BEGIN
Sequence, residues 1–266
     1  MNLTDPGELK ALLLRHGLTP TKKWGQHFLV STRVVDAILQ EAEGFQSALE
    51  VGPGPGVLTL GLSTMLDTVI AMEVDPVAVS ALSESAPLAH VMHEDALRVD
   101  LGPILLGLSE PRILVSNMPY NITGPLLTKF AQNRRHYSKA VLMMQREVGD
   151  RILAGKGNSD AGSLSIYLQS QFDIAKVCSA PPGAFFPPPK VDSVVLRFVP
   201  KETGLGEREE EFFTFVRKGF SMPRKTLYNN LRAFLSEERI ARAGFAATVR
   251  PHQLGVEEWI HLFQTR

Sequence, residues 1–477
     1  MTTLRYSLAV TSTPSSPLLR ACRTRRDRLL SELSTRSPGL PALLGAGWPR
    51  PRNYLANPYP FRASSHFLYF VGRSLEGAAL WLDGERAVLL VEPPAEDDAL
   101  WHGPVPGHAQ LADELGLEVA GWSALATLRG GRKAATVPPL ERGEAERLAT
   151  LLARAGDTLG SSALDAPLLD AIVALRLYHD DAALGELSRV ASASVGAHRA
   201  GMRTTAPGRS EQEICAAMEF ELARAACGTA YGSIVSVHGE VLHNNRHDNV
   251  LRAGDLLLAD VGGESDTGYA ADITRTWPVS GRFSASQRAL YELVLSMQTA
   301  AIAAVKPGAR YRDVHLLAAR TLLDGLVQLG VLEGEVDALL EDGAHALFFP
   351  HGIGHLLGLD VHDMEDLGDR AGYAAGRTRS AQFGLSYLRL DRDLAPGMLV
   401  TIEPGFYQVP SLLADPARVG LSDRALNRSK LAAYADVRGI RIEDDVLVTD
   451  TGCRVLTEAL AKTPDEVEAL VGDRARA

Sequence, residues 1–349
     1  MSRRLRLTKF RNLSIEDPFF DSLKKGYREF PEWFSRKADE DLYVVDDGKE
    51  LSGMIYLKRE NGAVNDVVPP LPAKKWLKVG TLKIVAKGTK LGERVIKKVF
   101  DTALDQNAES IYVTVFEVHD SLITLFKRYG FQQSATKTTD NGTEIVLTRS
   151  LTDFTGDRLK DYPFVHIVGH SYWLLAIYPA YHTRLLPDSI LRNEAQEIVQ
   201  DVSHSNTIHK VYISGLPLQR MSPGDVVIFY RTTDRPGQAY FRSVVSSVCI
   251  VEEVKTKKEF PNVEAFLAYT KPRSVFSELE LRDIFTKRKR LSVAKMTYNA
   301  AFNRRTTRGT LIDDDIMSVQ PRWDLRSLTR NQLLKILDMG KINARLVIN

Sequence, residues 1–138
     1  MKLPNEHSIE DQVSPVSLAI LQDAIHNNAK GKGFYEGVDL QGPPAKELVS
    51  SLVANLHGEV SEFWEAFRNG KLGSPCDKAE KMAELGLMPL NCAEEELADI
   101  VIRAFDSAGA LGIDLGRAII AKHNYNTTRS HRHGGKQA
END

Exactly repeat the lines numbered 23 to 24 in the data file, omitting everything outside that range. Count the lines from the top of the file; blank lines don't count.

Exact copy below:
   151  LTDFTGDRLK DYPFVHIVGH SYWLLAIYPA YHTRLLPDSI LRNEAQEIVQ
   201  DVSHSNTIHK VYISGLPLQR MSPGDVVIFY RTTDRPGQAY FRSVVSSVCI